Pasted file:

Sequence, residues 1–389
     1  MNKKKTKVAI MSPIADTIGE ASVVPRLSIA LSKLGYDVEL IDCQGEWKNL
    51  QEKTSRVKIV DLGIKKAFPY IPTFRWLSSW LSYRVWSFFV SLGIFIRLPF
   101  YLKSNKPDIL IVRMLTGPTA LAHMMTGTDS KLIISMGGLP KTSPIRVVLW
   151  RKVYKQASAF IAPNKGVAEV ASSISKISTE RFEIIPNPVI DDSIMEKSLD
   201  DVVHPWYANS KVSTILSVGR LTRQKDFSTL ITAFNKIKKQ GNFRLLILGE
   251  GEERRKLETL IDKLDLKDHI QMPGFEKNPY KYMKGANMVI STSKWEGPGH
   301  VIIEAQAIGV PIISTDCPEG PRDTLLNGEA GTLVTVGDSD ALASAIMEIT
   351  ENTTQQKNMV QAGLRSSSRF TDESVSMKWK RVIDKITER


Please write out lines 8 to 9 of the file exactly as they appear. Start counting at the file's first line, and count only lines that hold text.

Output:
   301  VIIEAQAIGV PIISTDCPEG PRDTLLNGEA GTLVTVGDSD ALASAIMEIT
   351  ENTTQQKNMV QAGLRSSSRF TDESVSMKWK RVIDKITER